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How will Section 1031’s elimination affect ag?

tractor in field
NEW TAX RULES: Starting this year, tractor trades will need to be treated as two separate transactions. So, even though you will have traded in your old tractor, you will recognize it as a sale on your tax return.
Expect changes on your tax return if trading in that old tractor.

One of the changes made in the 2017 Tax Relief Act was the elimination of Section 1031 for personal property. This change has caused some confusion as to how it may affect ag operations.

The first is the assumption that Section 1031 exchanges only apply when trading land properties. The second assumption is that personal property is non-business property. In reality we're talking about personal property as compared to real (land) property. Personal property used in a business includes assets like tractors, combines, pivots, etc.

Before this year, when you traded tractors, the deferral of gain was allowed under the Internal Revenue Code Section 1031, just as it is with real estate. The difference was that usually land exchanges happened over multiple days and transactions, while a tractor trade occurred at the same time as the purchase.

The elimination of personal property from the rules of Section 1031 will have a significant impact on most farmers' tax returns. Let's look at an example of how a tractor trade will be different in 2018:
 new tractor purchased, $200,000
 trade-in value of old tractor, $150,000
 net difference or boot paid, $50,000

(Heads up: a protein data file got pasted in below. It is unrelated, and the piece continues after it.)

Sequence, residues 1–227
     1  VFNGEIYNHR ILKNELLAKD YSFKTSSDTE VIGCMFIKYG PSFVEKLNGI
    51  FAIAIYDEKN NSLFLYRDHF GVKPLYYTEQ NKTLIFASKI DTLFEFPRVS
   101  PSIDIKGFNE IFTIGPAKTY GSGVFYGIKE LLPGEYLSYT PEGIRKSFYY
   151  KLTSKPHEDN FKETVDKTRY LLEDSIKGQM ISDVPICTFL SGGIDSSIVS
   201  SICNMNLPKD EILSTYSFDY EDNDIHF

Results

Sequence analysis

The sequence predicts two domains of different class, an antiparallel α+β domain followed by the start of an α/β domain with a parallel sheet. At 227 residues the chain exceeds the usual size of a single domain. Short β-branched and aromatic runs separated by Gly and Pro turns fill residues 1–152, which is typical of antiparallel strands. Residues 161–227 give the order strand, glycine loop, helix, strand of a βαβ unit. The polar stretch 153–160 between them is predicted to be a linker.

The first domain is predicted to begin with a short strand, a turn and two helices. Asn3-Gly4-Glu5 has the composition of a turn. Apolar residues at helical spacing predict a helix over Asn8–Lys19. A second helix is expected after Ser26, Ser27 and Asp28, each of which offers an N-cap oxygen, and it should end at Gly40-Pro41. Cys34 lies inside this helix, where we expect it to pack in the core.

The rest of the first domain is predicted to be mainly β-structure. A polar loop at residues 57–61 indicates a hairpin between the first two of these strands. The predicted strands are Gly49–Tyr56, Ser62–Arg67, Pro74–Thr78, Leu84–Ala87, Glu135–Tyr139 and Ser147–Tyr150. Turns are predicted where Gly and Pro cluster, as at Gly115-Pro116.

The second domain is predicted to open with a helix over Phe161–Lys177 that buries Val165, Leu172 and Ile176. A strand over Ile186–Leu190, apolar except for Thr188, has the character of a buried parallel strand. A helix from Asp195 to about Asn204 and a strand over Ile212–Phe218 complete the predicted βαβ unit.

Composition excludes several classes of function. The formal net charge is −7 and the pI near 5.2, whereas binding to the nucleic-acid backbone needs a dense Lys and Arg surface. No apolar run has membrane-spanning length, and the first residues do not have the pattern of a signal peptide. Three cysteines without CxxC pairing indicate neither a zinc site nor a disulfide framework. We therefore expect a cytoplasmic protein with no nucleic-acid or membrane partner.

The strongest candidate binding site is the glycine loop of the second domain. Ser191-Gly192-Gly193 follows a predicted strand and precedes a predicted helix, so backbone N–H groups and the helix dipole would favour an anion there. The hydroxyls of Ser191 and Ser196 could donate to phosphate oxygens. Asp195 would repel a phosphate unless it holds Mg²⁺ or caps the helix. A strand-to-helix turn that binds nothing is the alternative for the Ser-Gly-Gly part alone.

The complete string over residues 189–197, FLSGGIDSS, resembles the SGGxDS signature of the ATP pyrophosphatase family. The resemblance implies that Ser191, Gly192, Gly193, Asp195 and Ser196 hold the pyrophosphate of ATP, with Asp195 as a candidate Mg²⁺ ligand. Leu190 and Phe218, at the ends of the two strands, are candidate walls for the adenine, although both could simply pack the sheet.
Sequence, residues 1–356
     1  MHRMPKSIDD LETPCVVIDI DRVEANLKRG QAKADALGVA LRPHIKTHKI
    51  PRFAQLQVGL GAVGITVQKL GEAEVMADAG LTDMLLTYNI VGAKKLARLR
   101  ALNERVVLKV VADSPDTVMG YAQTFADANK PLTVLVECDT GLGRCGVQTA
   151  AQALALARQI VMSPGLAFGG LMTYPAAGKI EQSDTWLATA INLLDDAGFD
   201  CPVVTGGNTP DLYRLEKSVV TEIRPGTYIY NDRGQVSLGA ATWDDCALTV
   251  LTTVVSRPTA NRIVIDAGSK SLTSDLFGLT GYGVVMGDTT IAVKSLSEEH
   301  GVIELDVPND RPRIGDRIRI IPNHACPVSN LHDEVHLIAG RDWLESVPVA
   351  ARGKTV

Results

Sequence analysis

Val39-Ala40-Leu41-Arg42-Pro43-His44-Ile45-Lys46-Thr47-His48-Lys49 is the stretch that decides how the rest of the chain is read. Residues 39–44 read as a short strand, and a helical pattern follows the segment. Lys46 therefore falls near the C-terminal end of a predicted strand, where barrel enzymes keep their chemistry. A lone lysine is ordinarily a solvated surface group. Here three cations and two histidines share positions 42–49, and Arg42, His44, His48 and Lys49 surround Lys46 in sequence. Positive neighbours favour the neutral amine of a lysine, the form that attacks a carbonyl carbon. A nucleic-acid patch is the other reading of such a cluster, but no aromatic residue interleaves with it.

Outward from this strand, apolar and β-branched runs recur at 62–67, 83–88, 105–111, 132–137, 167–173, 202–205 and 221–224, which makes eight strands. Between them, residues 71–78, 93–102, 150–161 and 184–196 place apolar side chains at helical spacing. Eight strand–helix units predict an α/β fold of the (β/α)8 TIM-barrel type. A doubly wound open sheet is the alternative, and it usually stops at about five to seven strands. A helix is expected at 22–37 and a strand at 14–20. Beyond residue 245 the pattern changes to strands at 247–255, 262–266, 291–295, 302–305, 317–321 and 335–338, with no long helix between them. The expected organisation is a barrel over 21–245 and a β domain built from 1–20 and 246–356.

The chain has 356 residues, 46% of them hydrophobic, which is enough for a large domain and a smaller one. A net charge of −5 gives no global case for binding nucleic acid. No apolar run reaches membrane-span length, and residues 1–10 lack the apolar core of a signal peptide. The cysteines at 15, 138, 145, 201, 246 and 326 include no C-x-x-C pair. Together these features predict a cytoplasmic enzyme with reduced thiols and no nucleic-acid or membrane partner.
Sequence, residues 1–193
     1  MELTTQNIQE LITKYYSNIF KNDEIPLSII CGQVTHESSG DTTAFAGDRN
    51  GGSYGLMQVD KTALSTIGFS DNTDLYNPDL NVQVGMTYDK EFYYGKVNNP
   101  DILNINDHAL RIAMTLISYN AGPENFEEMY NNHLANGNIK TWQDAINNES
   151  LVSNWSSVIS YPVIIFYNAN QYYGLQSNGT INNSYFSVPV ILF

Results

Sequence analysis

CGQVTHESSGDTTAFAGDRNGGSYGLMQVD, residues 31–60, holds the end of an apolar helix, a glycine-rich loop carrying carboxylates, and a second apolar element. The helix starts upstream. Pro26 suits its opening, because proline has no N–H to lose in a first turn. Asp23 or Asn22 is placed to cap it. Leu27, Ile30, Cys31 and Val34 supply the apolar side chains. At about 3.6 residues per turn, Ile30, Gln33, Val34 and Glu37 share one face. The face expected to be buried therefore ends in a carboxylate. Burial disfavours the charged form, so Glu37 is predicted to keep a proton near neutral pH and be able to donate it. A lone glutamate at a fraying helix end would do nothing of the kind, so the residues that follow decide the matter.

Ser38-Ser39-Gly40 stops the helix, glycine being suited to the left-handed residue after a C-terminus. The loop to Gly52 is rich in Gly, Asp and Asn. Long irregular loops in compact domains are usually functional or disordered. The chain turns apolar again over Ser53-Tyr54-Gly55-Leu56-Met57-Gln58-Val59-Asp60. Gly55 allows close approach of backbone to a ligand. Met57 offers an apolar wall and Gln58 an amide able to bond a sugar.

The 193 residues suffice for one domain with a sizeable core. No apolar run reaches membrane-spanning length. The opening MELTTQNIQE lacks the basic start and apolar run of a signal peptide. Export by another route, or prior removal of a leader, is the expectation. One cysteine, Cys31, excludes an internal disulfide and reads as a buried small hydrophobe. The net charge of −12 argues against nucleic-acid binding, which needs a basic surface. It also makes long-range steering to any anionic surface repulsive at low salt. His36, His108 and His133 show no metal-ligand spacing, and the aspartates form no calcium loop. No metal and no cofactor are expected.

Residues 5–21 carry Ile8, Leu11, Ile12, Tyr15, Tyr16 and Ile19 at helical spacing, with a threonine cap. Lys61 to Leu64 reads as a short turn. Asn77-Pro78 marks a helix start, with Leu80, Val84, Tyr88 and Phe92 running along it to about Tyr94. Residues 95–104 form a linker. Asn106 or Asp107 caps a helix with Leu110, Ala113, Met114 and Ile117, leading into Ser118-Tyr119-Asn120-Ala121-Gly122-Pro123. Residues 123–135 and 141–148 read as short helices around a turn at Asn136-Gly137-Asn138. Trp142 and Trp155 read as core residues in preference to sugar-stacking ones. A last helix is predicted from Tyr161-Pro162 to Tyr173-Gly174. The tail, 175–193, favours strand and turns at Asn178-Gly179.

When you go to the dealership to trade tractors, nothing is going to change. You will still write a check (or finance) the difference. What will change is how it's reported on your tax return.

Use of Section 1031 exchange rules
Using the rules under Section 1031 before the 2017 Tax Relief Act, the remaining value (the original purchase price minus depreciation taken) on the old tractor would have been added to the boot paid. Assuming the tractor was depreciated out, the remaining value of the old tractor would have been zero, and the basis in the new tractor would be $50,000.

The $50,000 basis would have counted toward the Section 179 limit or been depreciated using regular depreciation. The depreciation would have been added to your expenses on Schedule F (assuming a sole-proprietorship). If, for simplicity's sake, it's assumed you were using Section 179, this would amount to a $50,000 deduction on Schedule F, which would reduce both ordinary income taxes and self-employment taxes.

Tractor without trade treatment
Starting in 2018, tractor trades will need to be treated as two separate transactions. Even though you will have traded in your old tractor, you will recognize it as a sale on your tax return. Again, assuming the old tractor was depreciated out, the gain on the sale of the tractor would be $150,000 (gain = sale price – remaining value). This would be reported on your Form 4797 and treated as ordinary income.

The second transaction is the purchase of the new tractor. Since the gain on the sale of the old tractor has already been recognized, the depreciable basis in the new tractor is $200,000. This is the amount that can be used for Section 179, or which the regular depreciation percentages can be applied to. There was concern that this change would have business owners hitting the maximum Section 179 limit very quickly, so Section 179 now has a limit of $1 million and unlimited bonus depreciation for both used and new property. Essentially we have unlimited accelerated deprecation to use.